Oo-ohh, here he comes… Remixer DJ Cummerbund presents a love letter to Danny Devito’s “Man-Cheetah” from It’s Always Sunny in Philadelphia with a track that manages to blend Hall and Oates, The Strokes, The White Stripes, and Chris Isaak into a deliciously spicy bowl of musical gumbo.
THE BEST Remixes
Microsoft Windows has a long history of throwing annoying and cryptic error messages at us. Video artist 4096 decided to memorialize some of the operating system’s various foibles over the years with a fun-filled electronic music remix inspired by this Japanese video. MacOS even gets into the game at 1:24.
(PG-13: Language) Dua Lipa’s Future Nostalgia melds pop, disco, and funk into a chart-topping dancefloor banger. But Kyle Brauch gave the album a whole new sound by deftly remixing every track with 1990s hip-hop. The mashup includes raps from DOA, Xzibit, DMX, Dre, 2Pac, Snoop Dogg, and more.
If Van Halen made disco music, it might have sounded something like this crazy mashup by DJ Cummerbund that blends together the hair band’s rock hit Jump with Gloria Gaynor’s dance floor anthem I Will Survive. It’s hard to believe these songs were released just 5 years apart.
Remix artist William Maranci did a great job combining the warm and inviting sounds of Wintergatan’s musical marble machine with Gorillaz’ track Feel Good Inc. As its musician and inventor cranks it up, Maranci has to fool with the BPM a bit, but that’s part of the fun.
Bob Marley music has a distinctively reggae sound. But in the hands of electronic remix artist Eclectic Method, it takes on a whole new vibe. This wonderfully chill edit was actually put together back in 2004, but the Method’s Jonny Wilson says he forgot to upload it until now.
Terminator: Dark Fate might have underwhelmed at the box office, but we still have a soft spot in our hearts for the franchise. Now, thanks to editor Fabrice Mathieu, multiple T-800s are sent back in time by Skynet to protect Cyberdyne, but John Connor has reprogrammed them to attack each other for our amusement.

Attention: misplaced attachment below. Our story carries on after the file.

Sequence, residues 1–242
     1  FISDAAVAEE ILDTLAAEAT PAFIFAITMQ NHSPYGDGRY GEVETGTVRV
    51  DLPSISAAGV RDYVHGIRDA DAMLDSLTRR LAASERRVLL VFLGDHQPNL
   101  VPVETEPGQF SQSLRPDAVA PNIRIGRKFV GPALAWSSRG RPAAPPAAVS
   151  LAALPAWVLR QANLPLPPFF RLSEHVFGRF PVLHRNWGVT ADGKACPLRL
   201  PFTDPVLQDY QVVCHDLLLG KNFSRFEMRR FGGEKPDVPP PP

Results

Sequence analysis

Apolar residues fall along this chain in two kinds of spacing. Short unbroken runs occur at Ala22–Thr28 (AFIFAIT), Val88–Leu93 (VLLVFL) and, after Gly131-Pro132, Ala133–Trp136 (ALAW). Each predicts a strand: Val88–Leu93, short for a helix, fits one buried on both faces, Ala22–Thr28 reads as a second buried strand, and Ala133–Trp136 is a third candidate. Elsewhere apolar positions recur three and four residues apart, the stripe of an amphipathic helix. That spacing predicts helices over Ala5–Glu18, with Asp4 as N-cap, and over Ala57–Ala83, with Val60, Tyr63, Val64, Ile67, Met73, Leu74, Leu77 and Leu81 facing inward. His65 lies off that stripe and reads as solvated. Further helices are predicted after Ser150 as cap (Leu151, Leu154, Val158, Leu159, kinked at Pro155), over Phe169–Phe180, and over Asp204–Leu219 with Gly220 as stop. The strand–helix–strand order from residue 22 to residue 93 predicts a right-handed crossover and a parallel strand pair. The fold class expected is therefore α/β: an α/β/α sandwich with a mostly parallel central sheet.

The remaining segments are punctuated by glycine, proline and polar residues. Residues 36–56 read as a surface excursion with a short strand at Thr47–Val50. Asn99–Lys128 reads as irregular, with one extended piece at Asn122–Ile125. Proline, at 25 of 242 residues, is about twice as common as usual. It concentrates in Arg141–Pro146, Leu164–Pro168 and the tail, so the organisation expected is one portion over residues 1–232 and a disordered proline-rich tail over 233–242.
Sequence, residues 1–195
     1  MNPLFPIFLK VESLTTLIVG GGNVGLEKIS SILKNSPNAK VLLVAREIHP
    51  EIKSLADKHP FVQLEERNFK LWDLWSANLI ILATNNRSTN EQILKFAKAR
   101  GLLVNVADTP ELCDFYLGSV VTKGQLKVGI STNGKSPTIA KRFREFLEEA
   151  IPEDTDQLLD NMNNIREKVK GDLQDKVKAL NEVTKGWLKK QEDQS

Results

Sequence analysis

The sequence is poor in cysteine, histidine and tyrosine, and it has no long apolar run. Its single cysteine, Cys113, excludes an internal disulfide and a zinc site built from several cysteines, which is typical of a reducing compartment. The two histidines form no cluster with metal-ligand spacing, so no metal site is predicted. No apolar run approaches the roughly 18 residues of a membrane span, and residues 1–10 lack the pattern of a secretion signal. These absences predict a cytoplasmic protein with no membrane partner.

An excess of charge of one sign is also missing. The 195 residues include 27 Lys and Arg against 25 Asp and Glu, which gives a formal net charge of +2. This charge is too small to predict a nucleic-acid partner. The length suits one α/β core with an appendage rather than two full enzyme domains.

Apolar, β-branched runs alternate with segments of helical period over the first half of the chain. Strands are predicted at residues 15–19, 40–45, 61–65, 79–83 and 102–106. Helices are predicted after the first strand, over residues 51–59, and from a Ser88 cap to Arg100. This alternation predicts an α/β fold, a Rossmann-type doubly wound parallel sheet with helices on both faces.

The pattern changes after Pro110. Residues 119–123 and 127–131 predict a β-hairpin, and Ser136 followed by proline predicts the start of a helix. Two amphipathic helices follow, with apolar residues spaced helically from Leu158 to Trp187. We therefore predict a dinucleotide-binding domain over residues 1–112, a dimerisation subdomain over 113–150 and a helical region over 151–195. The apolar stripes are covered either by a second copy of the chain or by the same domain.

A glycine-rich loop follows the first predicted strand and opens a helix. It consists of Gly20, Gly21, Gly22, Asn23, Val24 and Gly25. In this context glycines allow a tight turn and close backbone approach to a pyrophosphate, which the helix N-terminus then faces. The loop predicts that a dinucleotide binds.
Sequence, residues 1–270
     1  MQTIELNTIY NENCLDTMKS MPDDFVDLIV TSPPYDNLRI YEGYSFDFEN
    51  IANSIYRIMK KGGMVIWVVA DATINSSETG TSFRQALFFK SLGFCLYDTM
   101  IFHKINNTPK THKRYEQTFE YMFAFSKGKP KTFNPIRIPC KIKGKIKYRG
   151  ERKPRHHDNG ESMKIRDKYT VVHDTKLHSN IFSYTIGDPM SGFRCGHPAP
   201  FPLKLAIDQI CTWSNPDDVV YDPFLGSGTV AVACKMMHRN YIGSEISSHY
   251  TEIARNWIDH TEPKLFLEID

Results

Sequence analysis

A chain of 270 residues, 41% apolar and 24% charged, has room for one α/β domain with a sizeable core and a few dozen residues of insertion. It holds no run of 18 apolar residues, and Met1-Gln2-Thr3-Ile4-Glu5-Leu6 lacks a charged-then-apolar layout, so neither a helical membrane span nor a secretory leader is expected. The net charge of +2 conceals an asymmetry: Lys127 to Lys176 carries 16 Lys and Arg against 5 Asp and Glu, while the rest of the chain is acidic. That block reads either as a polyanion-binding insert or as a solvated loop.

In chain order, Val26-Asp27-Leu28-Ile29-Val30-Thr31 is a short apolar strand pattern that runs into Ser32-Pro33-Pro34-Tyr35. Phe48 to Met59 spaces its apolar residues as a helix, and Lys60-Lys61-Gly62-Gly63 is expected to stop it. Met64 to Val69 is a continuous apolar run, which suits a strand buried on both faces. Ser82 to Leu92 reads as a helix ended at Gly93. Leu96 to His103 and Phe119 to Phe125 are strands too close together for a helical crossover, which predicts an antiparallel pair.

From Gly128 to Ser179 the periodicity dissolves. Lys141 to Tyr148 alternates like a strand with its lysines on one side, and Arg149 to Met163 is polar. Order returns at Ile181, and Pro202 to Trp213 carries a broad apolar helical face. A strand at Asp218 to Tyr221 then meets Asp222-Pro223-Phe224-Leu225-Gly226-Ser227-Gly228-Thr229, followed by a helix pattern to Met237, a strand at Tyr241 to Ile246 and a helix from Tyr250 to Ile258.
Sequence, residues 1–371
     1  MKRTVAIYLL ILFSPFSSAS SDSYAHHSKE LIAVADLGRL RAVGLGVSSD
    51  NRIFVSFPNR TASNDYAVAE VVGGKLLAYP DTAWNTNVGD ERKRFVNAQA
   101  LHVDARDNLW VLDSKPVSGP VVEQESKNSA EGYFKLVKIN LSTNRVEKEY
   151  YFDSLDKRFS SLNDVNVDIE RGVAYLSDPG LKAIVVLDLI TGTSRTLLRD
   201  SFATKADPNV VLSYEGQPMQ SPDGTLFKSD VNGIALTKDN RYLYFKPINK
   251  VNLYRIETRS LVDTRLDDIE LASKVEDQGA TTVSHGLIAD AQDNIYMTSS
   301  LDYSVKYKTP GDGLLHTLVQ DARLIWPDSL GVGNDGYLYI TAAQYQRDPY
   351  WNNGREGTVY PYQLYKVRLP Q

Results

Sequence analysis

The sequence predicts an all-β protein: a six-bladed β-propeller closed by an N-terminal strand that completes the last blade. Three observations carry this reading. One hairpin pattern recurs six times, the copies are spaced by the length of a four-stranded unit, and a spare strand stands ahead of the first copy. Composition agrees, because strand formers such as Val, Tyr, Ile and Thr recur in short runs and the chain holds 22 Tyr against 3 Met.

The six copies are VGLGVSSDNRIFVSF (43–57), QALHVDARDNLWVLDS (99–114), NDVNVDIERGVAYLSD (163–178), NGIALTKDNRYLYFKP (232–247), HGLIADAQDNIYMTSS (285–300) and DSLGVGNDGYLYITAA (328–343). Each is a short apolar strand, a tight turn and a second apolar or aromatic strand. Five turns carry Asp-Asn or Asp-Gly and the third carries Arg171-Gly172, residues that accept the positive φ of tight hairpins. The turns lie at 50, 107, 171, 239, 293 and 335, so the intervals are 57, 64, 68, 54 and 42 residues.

Everybody’s rockin! Get up! Everybody’s gonna move their feet! Remix artist DJ Cummerbund brings us another unlikely pairing: KISS and The B-52s, two groups at their peak of popularity around the same time, but each with something very different to bring to the table.
Daft Punk are true maestros, but so much of what they’ve achieved wouldn’t have been possible if it weren’t for the funk, soul, and disco songs which provided sampling material for so many of their tunes. Tuneid compares some original tracks with Daft Punk’s remixes.
YouTube has some pretty strict rules about including copyrighted music in videos, but if the snippets are short enough, you can get away with it. To see what he could get away with, remix artist Eclectic Method decided to make a whole new song entirely out of tiny bits of Jimi Hendrix tracks.
Musical mashup master Bill McLintock’s track will drive you mad. It’s another impossible combination that somehow just works, as Kool & The Gang’s Celebration meets Quiet Riot’s Metal Health. Crank it up to 11 as funk and metal make beautiful music together.
On July 16, 1969 at 8:32 am Eastern Time, Apollo 11 lifted off and headed towards the moon. To celebrate the 50th anniversary of this groundbreaking mission, and astronauts Neil Armstrong, Buzz Aldrin, and Michael Collins, Eclectic Method created a track using sound samples from the mission and the events leading up to it.
We loved just about every moment of Spider-Man: Into the Spider-Verse, including the opening scene where Miles is singing along with Post Malone and Swae Lee’s Sunflower. Eclectic Method sliced and diced up the track and footage from the animated flick to create a whole new EDM track.
We love a good musical mashup, and this is one of the best we’ve heard in a while. 888sentz posted this track by Bass211, which perfectly combines Stevie Wonder’s Superstition, Cypress Hill’s Insane in the Brain, Run-DMC’s My adidas, and a dash of Beastie Boys’ an open letter to new york.
Eclectic Method’s latest remix uses chopped up footage and sounds from Avengers: Infinity War, and manages to capture and amplify the intensity of Marvel’s grandest and darkest film, with a driving backbeat comprised of some of the film’s biggest beatdowns.
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